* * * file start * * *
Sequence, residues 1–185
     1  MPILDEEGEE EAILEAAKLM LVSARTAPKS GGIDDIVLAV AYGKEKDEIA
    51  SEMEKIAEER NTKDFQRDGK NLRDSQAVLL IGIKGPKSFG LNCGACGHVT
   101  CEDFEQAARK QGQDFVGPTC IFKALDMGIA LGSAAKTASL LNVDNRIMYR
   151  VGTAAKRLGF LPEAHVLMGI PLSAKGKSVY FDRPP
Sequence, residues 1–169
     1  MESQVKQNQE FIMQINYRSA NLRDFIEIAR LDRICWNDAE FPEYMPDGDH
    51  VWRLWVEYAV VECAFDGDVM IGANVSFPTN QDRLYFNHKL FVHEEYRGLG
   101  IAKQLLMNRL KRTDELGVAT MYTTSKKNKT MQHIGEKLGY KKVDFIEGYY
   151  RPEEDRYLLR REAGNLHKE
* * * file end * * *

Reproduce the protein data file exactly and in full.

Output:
Sequence, residues 1–185
     1  MPILDEEGEE EAILEAAKLM LVSARTAPKS GGIDDIVLAV AYGKEKDEIA
    51  SEMEKIAEER NTKDFQRDGK NLRDSQAVLL IGIKGPKSFG LNCGACGHVT
   101  CEDFEQAARK QGQDFVGPTC IFKALDMGIA LGSAAKTASL LNVDNRIMYR
   151  VGTAAKRLGF LPEAHVLMGI PLSAKGKSVY FDRPP
Sequence, residues 1–169
     1  MESQVKQNQE FIMQINYRSA NLRDFIEIAR LDRICWNDAE FPEYMPDGDH
    51  VWRLWVEYAV VECAFDGDVM IGANVSFPTN QDRLYFNHKL FVHEEYRGLG
   101  IAKQLLMNRL KRTDELGVAT MYTTSKKNKT MQHIGEKLGY KKVDFIEGYY
   151  RPEEDRYLLR REAGNLHKE